You led me to some dark places, Mrs. Most of them between the pages of a book, admittedly but, and let’s not tiptoe around here, there was your addiction to Freddo chocolate frogs. Malteasers were good but I imagine they were like Methadone is to a Heroin addict.
I remember so many afternoons in your front room at the table in the bay window, scoffing Freddos and trying to come up with penetrating critiques of modern art featured in the supplements – whilst simultaneously wondering how pissed the artists were when they painted them. Your daughter, Boggy, would look up from the TV where she was watching DVDs of The Crystal Maze and say, ‘You two are foolish.’
One must never be ‘foolish’ or ‘showy’, and there must never, ever be any ‘slacking.’ These expressions that Boggy had slipped into your family’s vocabulary as she was growing up, you generously shared with me and they have become part of my vocabulary too. As has ‘Terribly heppy.’ According to you, women in old black and white British movies could go from utter desolation to carefree jollity (or terribly heppy) just by applying some vivid red lipstick. You swore blind that your mother was just such a woman. It was how you always remembered her , in my presence. It’s how I remember you – you were never without your lippy when we went out. Though it was rarely bright red.
When my other half was being a …., I lodged with you for six months and painted every wall in your flat in lieu of rent. When I was broke, and you had money, you lent me a grand – just like that. When I moved back to the south-west, you stayed firm to our friendship and when I confessed I’d hit hard times, you were there.
Oh, the times I sent you filthy texts about a certain vertically challenged, older chap of our acquaintance! You always replied in kind. Boggy would not only think us foolish but rude too. She laughed anyway. I think she’s also a bit rude.
The last email I have from you, dated 1st July, is short and to the point but the previous one on the 30th June is long and chatty. I’d been helping you with a project and you ended by telling me not to spend too long on it because ‘life’s too short.’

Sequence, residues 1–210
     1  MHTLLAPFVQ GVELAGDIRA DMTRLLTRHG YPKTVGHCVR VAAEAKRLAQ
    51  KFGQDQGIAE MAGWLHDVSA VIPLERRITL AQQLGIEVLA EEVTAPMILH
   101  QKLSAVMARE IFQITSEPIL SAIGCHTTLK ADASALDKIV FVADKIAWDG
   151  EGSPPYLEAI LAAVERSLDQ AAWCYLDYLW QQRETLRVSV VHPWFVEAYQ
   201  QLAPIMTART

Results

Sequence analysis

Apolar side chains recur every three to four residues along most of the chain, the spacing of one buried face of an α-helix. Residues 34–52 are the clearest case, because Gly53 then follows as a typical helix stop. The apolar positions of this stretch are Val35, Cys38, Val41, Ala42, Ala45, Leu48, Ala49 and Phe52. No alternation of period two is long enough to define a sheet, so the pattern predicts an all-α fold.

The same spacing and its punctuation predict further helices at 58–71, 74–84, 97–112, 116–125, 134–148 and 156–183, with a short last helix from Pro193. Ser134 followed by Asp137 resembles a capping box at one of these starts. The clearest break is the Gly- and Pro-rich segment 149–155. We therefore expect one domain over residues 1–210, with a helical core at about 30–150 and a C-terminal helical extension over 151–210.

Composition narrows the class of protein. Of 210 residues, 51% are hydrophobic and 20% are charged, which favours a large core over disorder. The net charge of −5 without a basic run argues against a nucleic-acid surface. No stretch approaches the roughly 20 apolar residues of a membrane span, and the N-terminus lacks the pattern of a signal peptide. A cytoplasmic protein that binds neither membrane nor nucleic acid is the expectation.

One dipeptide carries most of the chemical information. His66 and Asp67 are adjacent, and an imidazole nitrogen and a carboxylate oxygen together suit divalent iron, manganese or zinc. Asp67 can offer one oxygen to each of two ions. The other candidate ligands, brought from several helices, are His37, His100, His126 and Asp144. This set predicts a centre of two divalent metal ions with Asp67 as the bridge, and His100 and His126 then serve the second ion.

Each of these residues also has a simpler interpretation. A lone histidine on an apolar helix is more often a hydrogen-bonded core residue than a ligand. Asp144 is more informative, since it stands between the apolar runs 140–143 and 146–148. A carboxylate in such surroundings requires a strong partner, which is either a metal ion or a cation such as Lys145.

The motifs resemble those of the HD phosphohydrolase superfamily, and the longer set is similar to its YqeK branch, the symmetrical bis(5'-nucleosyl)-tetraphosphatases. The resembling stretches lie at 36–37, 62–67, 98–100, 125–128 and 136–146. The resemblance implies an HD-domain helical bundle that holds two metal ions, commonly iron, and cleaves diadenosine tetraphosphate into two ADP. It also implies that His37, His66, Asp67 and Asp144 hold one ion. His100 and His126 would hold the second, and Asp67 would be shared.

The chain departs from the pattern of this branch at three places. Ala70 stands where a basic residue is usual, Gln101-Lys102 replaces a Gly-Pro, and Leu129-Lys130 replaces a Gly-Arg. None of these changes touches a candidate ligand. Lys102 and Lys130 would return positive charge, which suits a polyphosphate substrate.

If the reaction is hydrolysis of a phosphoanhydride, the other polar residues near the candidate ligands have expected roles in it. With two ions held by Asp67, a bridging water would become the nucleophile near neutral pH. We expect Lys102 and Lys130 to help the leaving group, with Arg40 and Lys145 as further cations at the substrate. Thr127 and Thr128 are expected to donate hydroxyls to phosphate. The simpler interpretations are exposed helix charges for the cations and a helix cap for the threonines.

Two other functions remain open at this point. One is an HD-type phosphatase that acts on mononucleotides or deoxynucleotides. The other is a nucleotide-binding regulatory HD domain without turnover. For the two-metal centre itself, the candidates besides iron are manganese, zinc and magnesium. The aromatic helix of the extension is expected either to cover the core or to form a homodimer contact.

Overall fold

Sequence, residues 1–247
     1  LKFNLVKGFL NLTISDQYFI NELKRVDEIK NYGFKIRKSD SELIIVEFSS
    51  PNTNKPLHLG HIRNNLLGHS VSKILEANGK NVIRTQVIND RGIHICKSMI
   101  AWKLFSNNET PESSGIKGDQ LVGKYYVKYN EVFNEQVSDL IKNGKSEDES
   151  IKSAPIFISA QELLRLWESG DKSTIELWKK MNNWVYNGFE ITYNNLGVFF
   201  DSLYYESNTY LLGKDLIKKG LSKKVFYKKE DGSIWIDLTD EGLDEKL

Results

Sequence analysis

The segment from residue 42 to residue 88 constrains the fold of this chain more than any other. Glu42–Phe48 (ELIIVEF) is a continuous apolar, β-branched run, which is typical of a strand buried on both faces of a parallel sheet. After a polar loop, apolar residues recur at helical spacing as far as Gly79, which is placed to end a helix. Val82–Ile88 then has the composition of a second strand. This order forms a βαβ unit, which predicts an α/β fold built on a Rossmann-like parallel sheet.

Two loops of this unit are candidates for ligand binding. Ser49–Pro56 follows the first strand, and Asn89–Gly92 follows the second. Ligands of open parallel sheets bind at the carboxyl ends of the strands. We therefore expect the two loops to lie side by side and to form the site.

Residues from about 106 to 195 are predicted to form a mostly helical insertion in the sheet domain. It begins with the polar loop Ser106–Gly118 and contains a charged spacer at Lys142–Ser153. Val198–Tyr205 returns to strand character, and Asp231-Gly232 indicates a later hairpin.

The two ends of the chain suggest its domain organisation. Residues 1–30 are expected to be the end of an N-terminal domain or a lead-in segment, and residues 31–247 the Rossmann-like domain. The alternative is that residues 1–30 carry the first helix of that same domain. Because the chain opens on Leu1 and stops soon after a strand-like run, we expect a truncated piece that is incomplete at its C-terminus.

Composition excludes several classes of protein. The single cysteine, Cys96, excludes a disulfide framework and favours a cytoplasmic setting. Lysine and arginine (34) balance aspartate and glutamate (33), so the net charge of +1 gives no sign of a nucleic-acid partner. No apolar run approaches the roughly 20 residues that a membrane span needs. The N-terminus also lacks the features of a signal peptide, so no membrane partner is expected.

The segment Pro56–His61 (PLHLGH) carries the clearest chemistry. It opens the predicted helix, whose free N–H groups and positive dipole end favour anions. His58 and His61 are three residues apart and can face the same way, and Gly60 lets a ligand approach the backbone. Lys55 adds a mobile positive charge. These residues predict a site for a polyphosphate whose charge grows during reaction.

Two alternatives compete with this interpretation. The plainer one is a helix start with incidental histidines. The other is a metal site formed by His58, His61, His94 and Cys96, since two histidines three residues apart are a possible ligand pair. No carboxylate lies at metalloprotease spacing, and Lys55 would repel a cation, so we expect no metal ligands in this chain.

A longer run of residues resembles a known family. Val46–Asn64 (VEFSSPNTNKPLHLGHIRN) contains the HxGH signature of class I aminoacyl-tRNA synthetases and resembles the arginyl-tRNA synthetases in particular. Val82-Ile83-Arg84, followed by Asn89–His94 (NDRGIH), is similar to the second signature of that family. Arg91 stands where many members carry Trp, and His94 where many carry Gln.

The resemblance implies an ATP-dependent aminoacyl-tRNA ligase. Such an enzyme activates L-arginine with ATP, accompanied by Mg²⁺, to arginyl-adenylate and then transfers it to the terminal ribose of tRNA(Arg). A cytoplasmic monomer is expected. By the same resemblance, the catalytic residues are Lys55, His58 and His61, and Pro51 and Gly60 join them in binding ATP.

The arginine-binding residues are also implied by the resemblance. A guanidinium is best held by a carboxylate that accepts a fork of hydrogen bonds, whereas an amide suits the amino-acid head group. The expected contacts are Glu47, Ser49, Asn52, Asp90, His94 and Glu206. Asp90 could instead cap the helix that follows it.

Ah Mrs, you went to bed three days later and you didn’t wake up. That was way too short a life.
You inspired loyalty and deep friendship in a lot of people – from the people you went to uni with to my sister, who met you in passing, once. And yet, according to you, you bumbled through life humming, ‘de de de dededede’ and wondering where your next Freddo was coming from.
You introduced me to Wallander and Daphne DuMaurier and your ancient coffee percolator that was older than we were. All those times we timed ourselves doing The Times crossword whilst the percolator gently burbled in the hearth. We were crap but we loved the challenge. Life was never boring as long as our minds were able to hop, skip and flip from subject to subject and laugh at the world’s expense while we were at it. You even tried to teach me punctuation! And who’s going to edit my magnum opus now? I haven’t even written it yet and already you’ve bailed?
I miss you. Who will I email with my daft meanderings now?
I am a confirmed atheist but right now my heart and mind are one in picturing you, riding behind ST F’s cat, Rufus and Betty on the tail of a comet singing, Don’t Stop Me Now by Queen. I hope that it’s true and I hope that as you roar across the galaxy you know there’s a corner of a west country heart that is forever yours.
Have fun, Mrs and be as foolish and showy as you like XXX